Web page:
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Published: September 21st 2010
Alexander the Great is said to have dreamed to reach the Eastern Ocean. Only a few days ago I achieved his dream. The only difference is that Alex wore a shiny helmet, and of course he didn’t make it!
I completed my trans-Eurasian crossing at Shanhaiguan, where the Great Wall meets the sea. The water was slightly choppy but the sand is of good quality and I sit and watch the swell rise and fall with the sounds of donkeys ee-aw-ing in the background. (a touch like Blackpool, don't you think?)
This is however a sidenote to a series of three blog on the theme of obstacles of the modern traveller.
There are those obstacles that have existed throughout the ages, physical barriers of passage. I have crossed the High Pamir and Tian Shan Mountain Ranges, crossed The Gobi, Takalaman and Palmyran Deserts and sailed across the Caspian Sea, not discounting so many great rivers such as the Syr- and Amu-Darya and the Forests of Armenia and Plains of Central Asia. Many of the passes and passages and routes and bridges through, over and around these have now well been explored but they are still not without difficulty in continual
persuasion of drivers and guides and animal owners to help and show you the way whilst bargaining a reasonable price.
Here is the story of one such excursion across the vast mountains of the Kyrgyz. It was in the depths of winter and when I began the trip in the sheltered Fergana Valley the weather was fair, by my good luck and some quick witted mathematics (which I probably owe to Mr Saul) I had bargained my ride to half the going rate for being jammed in between two rather larger specimens of the Kyrgyz stock.
By the time we had travelled to the rising lands at the edge of this great Valley, the elements had sent their forebodings... a great sea of fog descended, giving a 5-10m visibility. But unlike Europeans such weather conditions do not affect these bold and brave nomad folk who simply laugh and push on. We begin our ascent but the recent rains have loosened many rocks which must be avoided, collision would put an end to the thin metal cladding of our Lada Riva. One such rockfall was so extensive that the road no longer existed except at 3m below ground level,
tailgating a far more appropriate vehicle, a 4x4 Lada Niva, we coast up and over the scree almost stalling midway.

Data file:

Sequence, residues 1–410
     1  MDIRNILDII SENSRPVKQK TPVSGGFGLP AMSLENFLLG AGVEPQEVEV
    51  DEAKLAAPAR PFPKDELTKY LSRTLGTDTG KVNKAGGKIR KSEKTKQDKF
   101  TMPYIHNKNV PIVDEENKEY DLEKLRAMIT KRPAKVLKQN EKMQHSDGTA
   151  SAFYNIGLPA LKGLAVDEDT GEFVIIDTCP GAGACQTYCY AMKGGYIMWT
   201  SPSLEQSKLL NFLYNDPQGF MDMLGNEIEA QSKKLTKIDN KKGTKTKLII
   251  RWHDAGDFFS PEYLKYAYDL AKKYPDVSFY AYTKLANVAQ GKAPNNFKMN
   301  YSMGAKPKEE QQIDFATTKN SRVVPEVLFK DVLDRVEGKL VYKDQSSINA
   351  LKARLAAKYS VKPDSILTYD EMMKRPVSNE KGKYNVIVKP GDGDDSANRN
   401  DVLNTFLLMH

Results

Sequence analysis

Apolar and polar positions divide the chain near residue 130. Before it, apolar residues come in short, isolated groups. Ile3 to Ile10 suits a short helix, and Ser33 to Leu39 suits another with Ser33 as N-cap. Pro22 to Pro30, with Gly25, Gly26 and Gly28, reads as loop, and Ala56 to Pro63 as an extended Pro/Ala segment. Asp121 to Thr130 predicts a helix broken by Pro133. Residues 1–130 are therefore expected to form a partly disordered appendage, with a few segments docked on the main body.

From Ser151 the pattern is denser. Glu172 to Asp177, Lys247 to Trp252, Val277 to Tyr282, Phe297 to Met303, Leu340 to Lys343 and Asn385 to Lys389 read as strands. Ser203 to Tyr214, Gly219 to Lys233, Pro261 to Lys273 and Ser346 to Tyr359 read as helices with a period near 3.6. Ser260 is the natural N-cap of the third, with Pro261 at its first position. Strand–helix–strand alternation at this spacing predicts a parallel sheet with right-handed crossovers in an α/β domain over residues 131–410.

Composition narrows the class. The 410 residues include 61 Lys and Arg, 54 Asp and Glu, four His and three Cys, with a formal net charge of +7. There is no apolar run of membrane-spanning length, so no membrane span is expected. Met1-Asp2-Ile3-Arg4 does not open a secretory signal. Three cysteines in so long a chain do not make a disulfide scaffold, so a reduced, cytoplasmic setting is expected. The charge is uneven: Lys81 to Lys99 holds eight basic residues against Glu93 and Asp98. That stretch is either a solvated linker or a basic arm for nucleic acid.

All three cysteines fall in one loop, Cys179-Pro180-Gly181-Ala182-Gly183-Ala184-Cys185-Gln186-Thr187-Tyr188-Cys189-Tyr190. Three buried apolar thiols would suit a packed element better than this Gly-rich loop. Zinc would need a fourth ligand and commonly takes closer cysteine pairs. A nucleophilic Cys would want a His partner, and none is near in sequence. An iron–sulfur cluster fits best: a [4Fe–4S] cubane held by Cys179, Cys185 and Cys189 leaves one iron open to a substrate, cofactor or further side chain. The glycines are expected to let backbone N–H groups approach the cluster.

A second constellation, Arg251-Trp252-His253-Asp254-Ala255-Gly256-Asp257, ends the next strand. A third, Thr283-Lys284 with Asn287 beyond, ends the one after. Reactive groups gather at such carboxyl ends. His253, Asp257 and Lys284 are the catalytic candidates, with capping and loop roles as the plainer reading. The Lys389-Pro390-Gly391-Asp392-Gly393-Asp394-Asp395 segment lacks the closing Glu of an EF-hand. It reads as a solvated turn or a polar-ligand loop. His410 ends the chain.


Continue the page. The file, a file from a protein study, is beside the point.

Continuing our upward zig-zags the fog is left behind for a snow like no other, a blizzard no less that has turned all that was grey to white. As the snow waxes the light wanes, until the contrast of black sky and white snow is all that is discernable ahead. The driving slows but there is no return now. There are no houses at these high altitudes at this time of year, the last one sat in the wet of the fog, the next across the pass above, in the semi-protected Suusamyr Valley. To stop, of course, is fatal, first your engine cools to a point were it is so cold that it is impossible to restart, then as the passengers feel the need to relieve themselves the icy air creeps into the car until the passengers must huddle together for the warmth that they can share. One’s only hope is that by morning the blizzard is not continuing to rage and that another car, of suitable size to help, firstly comes and secondly stops!
A hundred metres
from the summit black ice has formed from other vehicles that have compressed this dangerous track into a deadly one. We look out of our overweight vehicle down to the raging river below at the bottom of the precipice through the swirling patterns of the descending snow. The man to my left grabs my chest and pushes me into my seat, I look forward to see the road disappear to be replaced by the sheer face of the cliff wall and then the road down from where we came. As we continue to spin, an eerie silence descends on the car, the wheels make no sound and neither do the passengers as we consider the reasons to why we have embarked on our journey. The car faces the precipice, the headlights shine out into the sky reflected on the snow flakes which are unperturbed by our rotations. Eventually the car becomes stationary facing downhill, the left wing mirror hanging over the edge, the tyres a hair’s breadth from crumbling cliff face below.
The driver pulls out a bottle of vodka a takes a gulp, and passes it on. A carefully executed three point turn and another mouthful of vodka
and we are at the peak of our journey. The Suusamyr Valley stretches out before us in a white serenity. The going is slow, avoiding the snow drifts, but after our escape there is much merriment in the car as some sort of ecstasy passes through us, lifted by a little vodka.
We pass through the mile stretch of tunnel that makes up the second of the passes, even in the pitch black it is a relief for the driver and all to have no snow and only concrete to drive along. On the other side a strong wind is blowing us off the mountain toward our goal, Bishkek, at the bottom of a huge series of hairpin turns.
We arrive, 10 hours later than expected and much relieved. I slept well that night.
Here are some unrelated photos of some of China...
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